Nine Study: Women In The Drivers Seat When It Comes To Car Purchases

Nine Study: Women In The Drivers Seat When It Comes To Car Purchases

Despite an outdated stereotype around men and cars, new research has highlighted how different the automotive buying journey is for females and males, providing fresh insights for brands into how best to target their marketing efforts within this space.

The new study – Women In The Driving Seat – commissioned by Nine’s strategic client solutions division 9Powered and leading digital women’s network 9Honey was released today at Nine’s The Big Ideas Store. It found that for many female car buyers there is a longer purchase journey, with more than half of those looking to buy talking themselves out of the purchase.

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“Our research showed a different motive behind male and female car buyers, with many women also reporting a more research-based purchase journey,” said Melissa Mullins, Nine’s director of strategy. “Brands need to actively recognise this difference and remain committed to the journey to help convert buyer intent into a purchase.”

The study, conducted by research firm The Lab Insight & Strategy, included more than 500 respondents, and found that while women on the whole were more likely to consult their partner than men (51 per cent for females versus 37 per cent for men) more than half of female respondents (54 per cent) said when it came to the final decision they made it on their own.

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Mullins believes this presents an opportunity for automotive marketers to look at how they are communicating with female customers.

“Our research found that by and large, women were far less emotional and more pragmatic when it comes to buying a car,” she said. “However, it was also interesting to note more than 47 per cent of female respondents wanted greater representation of women in car advertising, arguing that advertising that focuses too much on men is a turn-off.”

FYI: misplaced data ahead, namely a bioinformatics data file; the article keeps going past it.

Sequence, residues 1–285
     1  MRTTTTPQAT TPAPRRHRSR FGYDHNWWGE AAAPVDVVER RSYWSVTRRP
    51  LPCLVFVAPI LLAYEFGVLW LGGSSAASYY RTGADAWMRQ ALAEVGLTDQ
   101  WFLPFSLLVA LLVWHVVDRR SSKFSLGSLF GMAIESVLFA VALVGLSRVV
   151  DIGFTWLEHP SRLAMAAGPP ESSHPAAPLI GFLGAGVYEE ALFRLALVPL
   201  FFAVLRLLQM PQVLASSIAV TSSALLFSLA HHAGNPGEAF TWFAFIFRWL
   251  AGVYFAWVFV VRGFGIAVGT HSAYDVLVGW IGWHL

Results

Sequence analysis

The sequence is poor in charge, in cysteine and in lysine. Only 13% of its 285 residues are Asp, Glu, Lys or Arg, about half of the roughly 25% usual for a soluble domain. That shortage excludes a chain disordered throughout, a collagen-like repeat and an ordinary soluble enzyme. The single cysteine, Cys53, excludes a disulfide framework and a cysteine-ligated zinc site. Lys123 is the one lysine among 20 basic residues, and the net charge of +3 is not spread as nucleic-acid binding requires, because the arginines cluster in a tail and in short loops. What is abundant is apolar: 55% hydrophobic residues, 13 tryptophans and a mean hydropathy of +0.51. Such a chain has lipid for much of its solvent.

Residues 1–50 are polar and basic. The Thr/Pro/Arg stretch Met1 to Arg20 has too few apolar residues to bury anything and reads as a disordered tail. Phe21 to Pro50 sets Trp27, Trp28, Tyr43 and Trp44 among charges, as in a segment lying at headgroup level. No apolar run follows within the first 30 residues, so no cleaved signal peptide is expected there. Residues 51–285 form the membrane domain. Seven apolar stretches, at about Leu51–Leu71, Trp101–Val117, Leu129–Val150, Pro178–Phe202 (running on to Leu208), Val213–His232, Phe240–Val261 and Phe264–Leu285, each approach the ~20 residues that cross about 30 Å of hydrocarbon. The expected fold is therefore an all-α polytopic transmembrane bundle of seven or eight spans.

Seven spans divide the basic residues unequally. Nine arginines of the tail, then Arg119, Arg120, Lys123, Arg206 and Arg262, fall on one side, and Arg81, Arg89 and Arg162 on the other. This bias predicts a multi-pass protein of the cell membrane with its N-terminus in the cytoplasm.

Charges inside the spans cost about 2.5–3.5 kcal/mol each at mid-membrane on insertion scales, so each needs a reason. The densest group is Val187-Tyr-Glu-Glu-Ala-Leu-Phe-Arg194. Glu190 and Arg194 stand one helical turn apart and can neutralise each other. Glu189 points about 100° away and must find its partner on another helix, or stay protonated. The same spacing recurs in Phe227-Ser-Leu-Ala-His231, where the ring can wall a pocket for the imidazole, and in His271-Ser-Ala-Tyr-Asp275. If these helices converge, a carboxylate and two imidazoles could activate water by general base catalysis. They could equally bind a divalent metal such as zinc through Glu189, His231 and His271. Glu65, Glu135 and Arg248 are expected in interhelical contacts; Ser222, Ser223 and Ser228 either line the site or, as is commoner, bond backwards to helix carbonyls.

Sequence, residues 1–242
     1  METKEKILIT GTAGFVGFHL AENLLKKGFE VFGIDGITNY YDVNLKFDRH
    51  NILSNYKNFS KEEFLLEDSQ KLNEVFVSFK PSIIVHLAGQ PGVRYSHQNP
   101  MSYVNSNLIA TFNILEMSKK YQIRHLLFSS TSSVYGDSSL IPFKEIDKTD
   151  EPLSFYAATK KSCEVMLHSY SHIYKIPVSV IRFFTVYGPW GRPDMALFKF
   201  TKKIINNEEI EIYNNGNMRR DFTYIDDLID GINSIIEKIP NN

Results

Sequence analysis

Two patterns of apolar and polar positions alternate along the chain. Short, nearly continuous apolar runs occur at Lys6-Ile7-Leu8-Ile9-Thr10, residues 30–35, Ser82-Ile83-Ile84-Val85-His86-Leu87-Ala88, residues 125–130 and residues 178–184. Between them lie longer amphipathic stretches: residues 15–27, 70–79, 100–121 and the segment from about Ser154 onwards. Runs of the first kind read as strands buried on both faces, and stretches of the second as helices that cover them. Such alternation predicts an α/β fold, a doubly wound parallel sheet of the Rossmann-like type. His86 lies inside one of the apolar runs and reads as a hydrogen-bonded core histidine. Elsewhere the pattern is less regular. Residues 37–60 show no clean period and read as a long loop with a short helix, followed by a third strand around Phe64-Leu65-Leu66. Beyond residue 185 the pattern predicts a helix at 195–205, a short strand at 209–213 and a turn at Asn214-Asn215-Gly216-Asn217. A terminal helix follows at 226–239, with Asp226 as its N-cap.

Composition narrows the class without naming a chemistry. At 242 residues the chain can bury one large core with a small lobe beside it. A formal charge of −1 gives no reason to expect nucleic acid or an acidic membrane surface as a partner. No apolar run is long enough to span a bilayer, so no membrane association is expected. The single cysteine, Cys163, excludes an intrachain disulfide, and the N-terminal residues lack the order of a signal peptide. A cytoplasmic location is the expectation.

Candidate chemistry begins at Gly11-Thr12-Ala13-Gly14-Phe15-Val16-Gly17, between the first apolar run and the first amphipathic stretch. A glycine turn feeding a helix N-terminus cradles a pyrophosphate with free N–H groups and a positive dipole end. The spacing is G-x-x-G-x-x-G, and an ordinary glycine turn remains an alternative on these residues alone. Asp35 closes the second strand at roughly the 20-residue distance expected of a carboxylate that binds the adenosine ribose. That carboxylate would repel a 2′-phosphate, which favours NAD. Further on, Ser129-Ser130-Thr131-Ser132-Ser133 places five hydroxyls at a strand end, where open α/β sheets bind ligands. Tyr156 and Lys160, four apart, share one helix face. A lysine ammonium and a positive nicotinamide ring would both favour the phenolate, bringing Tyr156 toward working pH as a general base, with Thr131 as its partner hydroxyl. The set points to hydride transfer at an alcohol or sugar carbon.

The majority of female respondents said they preferred a “slow and steady” approach to buying, reporting that it took them up to 50 per cent longer than men to make a decision on which car to buy.

Some 73 per cent of women surveyed believed buying a car was a big decision they didn’t need to rush, while 63 per cent said they did all the research, negotiation and final decision on their own.

For marketers, the survey also highlighted the priorities of female customers with 75 per cent of respondents highlighting the practical features of the car as a key priority, followed closely by the current price on offer (73 per cent).

“Our respondents also highlighted the key triggers for female car buyers, which were the age and reliability of the car followed by a change in family circumstance, such as a baby, and then the need to upgrade due to either desire or cost of repairs,” said Lisa Day, Nine’s Director of Sales – Lifestyle.

“For many automotive advertisers these are key audiences and, as this study shows, we at Nine through our strategic investments in both CarAdvice and 9Honey are well positioned to help them reach consumers in this space.”

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